Passive inflow control devices (ICD) are being rapidly adopted in horizontal production wells particularly when there is a high probability of produced water or gas in a heterogeneous reservoir in the early life of a well. The justification, application, installation and the flow physics of ICDs available to the industry are well documented in the literature [1-3]. However, there are limited case studies that discuss the production and reservoir performance, to investigate their longer term impact supported with actual production data. The De Ruyter Field, which started production in September 2006, has been completed with passive ICDs in combination with zonal isolation in two horizontal wells in the undersaturated western fault block. This paper will describe how ICDs increased recovery compared to stand alone screens, by controlling water production and promoting inflow from lower productivity zones thus extending the life of the De Ruyter Field . This paper will also discuss the use of actual production and PLT data to history match a dynamic simulation model. The ICDs allowed the operator to commercialize an offshore development by delaying and controlling water production in a heterogeneous reservoir, thereby increasing recovery and extending the field production life.
A simulation study was conducted to examine the effects of changing the landing position of the short production-tubing string relative to the heel of a steam-assisted gravity-drainage (SAGD) production well. A homogeneous discretized wellbore model with the riser section was used in this study. Generally, a reservoir is modeled independently of the wellbore. However, this study models the reservoir and wellbore simultaneously in order to understand their interactions. SAGD performance is affected by many interrelated parameters; however, this paper is focused only on the effects of changing the short production-tubing string relative to the heel of the well.
This paper outlines two independent case studies:
The results for this study will assist SAGD producers in re-evaluating the position of the short production-tubing string and find the most economical position for this string. This paper creates the foundation for further simulation efforts to incorporate a discretized model with the build section coupled to the reservoir. This will allow production engineers to optimize bitumen production by simultaneously simulating the reservoir and wellbore strings together. However, it must be kept in mind that the sensitivity study outlined in this paper only includes different placements of the short production-tubing string while keeping all other parameters constant. More work should be done in order to evaluate the interrelated effects of changing the location of the short production-tubing string with other wellbore and reservoir parameters.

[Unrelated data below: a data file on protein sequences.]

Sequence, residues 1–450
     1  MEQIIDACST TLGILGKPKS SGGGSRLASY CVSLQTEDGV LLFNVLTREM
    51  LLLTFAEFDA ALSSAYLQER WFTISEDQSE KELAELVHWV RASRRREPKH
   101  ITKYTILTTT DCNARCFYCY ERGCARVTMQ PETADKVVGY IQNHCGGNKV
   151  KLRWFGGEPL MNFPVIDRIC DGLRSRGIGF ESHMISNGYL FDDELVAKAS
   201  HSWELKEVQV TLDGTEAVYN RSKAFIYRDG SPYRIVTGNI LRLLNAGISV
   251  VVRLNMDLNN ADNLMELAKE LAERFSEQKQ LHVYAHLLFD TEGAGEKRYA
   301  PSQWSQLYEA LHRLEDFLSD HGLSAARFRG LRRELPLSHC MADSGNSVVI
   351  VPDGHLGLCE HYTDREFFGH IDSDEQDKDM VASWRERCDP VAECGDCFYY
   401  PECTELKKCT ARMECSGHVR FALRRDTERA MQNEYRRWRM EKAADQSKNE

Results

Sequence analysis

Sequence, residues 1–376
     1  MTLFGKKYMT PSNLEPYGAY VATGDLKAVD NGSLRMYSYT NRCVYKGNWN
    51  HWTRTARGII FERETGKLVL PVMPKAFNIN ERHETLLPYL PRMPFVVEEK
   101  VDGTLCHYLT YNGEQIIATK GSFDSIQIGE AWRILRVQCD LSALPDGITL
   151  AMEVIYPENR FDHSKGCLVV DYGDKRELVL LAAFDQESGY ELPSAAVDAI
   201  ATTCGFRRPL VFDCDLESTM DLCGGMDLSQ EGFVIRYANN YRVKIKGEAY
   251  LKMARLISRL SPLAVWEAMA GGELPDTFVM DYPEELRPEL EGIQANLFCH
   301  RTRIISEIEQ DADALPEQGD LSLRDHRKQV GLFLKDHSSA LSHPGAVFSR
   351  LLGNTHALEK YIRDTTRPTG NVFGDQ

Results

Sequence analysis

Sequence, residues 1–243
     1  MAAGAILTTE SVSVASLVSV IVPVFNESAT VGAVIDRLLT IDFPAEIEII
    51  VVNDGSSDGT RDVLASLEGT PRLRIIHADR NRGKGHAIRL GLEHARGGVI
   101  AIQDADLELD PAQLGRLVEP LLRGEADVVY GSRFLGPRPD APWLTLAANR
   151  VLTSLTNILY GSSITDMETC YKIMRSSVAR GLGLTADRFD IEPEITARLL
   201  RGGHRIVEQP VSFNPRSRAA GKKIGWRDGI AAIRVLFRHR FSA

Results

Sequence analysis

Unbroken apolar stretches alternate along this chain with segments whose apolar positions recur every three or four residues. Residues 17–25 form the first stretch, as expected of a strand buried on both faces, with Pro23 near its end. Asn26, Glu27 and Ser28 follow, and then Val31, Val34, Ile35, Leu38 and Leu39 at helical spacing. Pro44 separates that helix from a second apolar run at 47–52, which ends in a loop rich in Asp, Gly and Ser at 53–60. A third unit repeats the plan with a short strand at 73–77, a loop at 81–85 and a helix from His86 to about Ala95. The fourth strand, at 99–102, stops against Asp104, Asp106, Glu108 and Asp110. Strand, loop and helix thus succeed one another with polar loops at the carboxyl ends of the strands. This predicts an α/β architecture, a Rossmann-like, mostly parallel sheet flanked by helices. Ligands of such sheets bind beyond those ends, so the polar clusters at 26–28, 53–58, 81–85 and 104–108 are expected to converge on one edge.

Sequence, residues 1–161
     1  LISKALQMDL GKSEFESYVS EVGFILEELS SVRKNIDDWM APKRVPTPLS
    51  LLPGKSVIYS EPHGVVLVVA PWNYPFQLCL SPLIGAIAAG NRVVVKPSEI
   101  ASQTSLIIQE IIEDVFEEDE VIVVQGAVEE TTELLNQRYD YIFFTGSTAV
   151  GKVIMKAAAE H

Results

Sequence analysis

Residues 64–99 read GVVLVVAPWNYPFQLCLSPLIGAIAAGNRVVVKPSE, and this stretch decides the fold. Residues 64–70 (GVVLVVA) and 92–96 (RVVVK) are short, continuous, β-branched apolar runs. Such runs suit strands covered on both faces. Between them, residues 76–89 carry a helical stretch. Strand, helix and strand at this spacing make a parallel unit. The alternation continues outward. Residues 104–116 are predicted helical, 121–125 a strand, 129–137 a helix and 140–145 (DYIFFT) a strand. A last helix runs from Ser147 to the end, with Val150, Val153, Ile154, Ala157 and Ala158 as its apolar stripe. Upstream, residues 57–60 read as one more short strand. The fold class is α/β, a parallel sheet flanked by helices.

Pressure drop along the horizontal wells and between the injector and producer could have a significant impact on SAGD process performance. However, this issue is poorly understood due to difficulties in simulating pressure drop. This paper presents the results of a numerical study on the topic.
When pressure drop between the injector and producer exists, the downhole vapour production rate must be increased significantly. Without adequate vapour production, the oil production rate is lower and SOR is higher. Increasing the vapour production rate may affect pad facility design as more vapour handling capacity is required under these conditions.
On the other hand, pressure drop inside the injection well may also alter steam distribution. However, the impact on oil production is limited as steam can move relatively easily inside the steam chamber. In the present case, oil production is reduced by approximately 5% when a pressure gradient along the injection well is considered.
This paper investigates the feasibility of bitumen production using SAGD technology with a longer wellbore. A longer wellbore can be used to exploit a greater volume of the reservoir with a single wellpair as opposed to multiple wells; thus, decreasing pad and drilling costs.